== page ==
N.E.A. Vote Allows Officers To Run for Third Term
Mary Hatwood Futrell, president of the National Education Association, arrived at her union's annual meeting as a lame duck but left with the option of running for a third two-year term.
Delegates voted 72.4 percent in favor of a constitutional amendment to allow their president, vice president, and secretary-treasurer to run for a third term. A two-thirds majority was required for passage.
Similar amendments have been debated at each annual convention for the past 10 years. The change will enable the union's executive officers to serve for up to six year&-the same as members of the board of directors and the executive committee.
Delegates characterized the results as a vote of confidence in Ms. Futrell, who is halfway through her second two-year term and who said she will run again.
"I think the fact that we have had a strong leader certainly helped to influence people's minds about the need to have an extension," said Nancy J. Finkelstein, president of the Massachusetts Teachers Association. "Mary Futrell came into this assembly in a strong position, and she left in a stronger one."
Some school districts facing teaching shortages plan to hire people this fall who are not fully trained to teach, according to a survey released by the N.E.A. in a July 5 press conference.
The N.E.A. survey, conducted by the Commercial Analysts Company of New York City, found 32,300 vacancies in the nation's 100 largest school districts at the end of June.
Keith Geiger, vice president of the union, said the teacher shortage nationwide could be double or triple that amount.
Of the more than 15,700 school districts nationwide, the N.E.A. surveyed the 143 systems with enrollments of 30,000 or more, of which 100 responded.
Th fill job openings, about 38 percent of the districts surveyed indicated that they might assign teachers outside their field of preparation; another 38 percent said that they might recruit people from other fields who had not been trained as teachers; and 15 percent said that they would consider hiring teachers from foreign countries.
About 54 percent of all Americans' favor increasing teachers' salaries, even if it means higher taxes, according to a nationwide Gallup Poll released in Louisville July 3.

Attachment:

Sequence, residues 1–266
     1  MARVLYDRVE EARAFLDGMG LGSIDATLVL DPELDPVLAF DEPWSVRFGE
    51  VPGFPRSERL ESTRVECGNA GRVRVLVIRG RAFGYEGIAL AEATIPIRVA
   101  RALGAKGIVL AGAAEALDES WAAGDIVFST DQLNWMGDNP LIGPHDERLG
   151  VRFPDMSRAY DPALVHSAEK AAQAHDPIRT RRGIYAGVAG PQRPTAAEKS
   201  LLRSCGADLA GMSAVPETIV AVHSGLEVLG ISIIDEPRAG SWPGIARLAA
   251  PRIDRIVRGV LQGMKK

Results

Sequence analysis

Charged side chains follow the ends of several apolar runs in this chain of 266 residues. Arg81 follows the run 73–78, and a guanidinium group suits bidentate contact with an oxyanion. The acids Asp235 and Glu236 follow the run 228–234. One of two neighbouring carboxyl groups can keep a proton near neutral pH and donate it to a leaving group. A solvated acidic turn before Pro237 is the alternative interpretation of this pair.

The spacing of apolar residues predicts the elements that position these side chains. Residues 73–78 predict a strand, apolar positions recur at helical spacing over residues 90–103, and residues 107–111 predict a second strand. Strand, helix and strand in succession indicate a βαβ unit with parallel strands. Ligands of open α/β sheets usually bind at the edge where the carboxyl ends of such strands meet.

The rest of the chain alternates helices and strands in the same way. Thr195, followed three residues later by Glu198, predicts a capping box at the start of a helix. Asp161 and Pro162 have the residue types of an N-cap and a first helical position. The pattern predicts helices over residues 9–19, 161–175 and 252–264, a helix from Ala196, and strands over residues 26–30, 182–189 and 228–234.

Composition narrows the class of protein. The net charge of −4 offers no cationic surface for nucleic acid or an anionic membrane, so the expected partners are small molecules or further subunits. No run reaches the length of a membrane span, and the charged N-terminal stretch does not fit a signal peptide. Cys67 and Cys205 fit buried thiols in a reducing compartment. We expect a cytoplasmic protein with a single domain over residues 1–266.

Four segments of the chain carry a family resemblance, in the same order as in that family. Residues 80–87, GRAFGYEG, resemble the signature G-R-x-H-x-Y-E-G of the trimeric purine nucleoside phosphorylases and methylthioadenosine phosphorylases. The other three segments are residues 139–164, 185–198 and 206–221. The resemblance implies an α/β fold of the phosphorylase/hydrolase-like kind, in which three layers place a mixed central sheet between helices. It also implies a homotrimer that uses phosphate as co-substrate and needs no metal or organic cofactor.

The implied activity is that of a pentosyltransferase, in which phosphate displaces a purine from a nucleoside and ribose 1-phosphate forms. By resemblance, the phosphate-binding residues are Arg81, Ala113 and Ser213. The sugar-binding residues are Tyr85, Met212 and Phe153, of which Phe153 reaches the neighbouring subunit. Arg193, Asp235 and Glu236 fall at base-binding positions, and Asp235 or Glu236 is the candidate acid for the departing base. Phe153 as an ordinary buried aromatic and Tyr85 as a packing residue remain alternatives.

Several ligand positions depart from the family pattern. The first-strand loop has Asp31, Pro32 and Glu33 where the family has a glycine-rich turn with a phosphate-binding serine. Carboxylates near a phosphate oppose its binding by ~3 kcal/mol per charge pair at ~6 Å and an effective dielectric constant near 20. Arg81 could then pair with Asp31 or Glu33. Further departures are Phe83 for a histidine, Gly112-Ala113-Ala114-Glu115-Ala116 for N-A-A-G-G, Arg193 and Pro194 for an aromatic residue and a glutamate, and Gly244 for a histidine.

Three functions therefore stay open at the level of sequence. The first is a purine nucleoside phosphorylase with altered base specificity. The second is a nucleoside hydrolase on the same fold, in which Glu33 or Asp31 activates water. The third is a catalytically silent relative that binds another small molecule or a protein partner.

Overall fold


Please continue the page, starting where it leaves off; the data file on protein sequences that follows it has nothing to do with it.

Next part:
That is up from 52 percent in 1985 and 45 percent in a similar poll in 1983.
Those polled said beginning teachers should earn about $20,700 a year-compared with a current average starting salary of approximately $16,000 to $17,000. Teachers with 15 years' experience should earn an average of $31,400, they said.
The results were based on an N.E.A.-sponsored telephone survey of 1,507 adults, conducted between April 21 and May 25.
On the eve of the convention, the N.E.A. board of directors changed its AIDS policy to oppose all mandatory AIDS testing of school employees and to make it easier for teachers with AIDS to remain in the classroom.
Ms. Futrell said the policy revision gives school employees more flexibility.
The changes reflect the findings of the Centers for Disease Control in Atlanta, which has not found evidence that AIDS is transmitted in schools.
In other action, the union:
- Endorsed a resolution urging the creation of community-operated family-planning clinics on school grounds.
- Approved a proposal calling on the N.E.A. to work with other national organizations on ways to "discourage and eliminate the blatant use, misuse, and exploitation of the secondary-school and college athlete."
- Awarded $213,000 to affiliates
in eight local school districts for
programs to prevent school dropouts.
The new grants are part of Operation Rescue, a project begun by the union last year to help cut the dropout rate in half by 1990.
- Announced plans to expand its "Mastery in Learning Project," which involves teachers in their school's decisionmaking process, from 6 to 30 schools this fall.
Vol. 06, Issue 01, Page 13